~/.chef to use it for automatically bootstrapping nodes with
% knife configure -i
WARNING: No knife configuration file found
Where should I put the config file? [/home/jtimberman/.chef/knife.rb]
Please enter the chef server URL: [http://chef.example.com:4000] https://chef.example.com
Please enter a name for the new user: [jtimberman]
Please enter the existing admin name: [admin]
Please enter the location of the existing admin's private key: [/etc/chef/admin.pem] .chef/admin.pem
Please enter the validation clientname: [chef-validator]
Please enter the location of the validation key: [/etc/chef/validation.pem] .chef/chef-validator.pem
Please enter the path to a chef repository (or leave blank):
Creating initial API user...
Please enter a password for the new user:
Configuration file written to /home/jtimberman/.chef/knife.rb
.chef/knife.rb file should look something like this:
Note that the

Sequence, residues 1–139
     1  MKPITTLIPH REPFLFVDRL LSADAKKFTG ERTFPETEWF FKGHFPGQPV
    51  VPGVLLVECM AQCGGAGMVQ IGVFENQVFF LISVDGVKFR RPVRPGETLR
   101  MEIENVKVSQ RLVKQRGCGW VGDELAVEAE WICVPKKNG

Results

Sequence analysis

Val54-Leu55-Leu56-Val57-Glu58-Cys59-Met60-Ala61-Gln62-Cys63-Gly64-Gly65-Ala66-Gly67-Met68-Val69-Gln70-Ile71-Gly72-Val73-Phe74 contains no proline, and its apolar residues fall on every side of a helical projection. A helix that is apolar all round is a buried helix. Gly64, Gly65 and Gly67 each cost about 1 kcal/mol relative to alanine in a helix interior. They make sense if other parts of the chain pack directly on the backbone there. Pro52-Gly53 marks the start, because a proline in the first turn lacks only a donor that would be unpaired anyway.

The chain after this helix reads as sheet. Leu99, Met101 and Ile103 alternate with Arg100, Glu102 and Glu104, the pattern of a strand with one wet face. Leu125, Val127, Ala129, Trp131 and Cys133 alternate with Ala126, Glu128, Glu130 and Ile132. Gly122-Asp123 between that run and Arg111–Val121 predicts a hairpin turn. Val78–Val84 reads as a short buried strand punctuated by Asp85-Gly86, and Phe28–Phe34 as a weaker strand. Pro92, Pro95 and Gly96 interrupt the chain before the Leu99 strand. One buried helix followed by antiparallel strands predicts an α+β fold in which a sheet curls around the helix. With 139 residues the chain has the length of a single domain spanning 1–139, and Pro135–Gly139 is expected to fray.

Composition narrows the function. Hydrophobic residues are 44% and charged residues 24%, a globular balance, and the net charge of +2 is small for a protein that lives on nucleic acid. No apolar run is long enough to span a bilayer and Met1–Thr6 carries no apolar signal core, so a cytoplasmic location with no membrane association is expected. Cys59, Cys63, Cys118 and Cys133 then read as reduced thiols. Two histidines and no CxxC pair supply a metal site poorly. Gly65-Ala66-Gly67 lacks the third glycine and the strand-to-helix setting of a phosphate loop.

cookbook_path is not set (we left the path to the chef repository blank), so you’ll need to set that up for wherever you’re storing your local cookbooks.
Your Chef Server is now ready to use. Test connectivity as your user with knife:
% knife client list
% knife user list
In previous versions of Open Source Chef Server, users were API clients. In Chef 11, users are separate entities on the Server to be consistent with Enterprise Chef.
chef-server-ctl command is used on the Chef Server system for management. It has built-in help (
-h) that will display the various sub-commands. We’ve already talked about the
test commands. Let’s look at some others.
Obtain a list of all the running services of the Chef Server:
sudo chef-server-ctl service-list
These services are all managed by an embedded runit installation. Show their status:
sudo chef-server-ctl status
Other commands related to managing the services with runit are
The service logs can be tailed with the
tail sub-command. It can also be passed a service name to only tail that service’s logs.
sudo chef-server-ctl tail
sudo chef-server-ctl tail erchef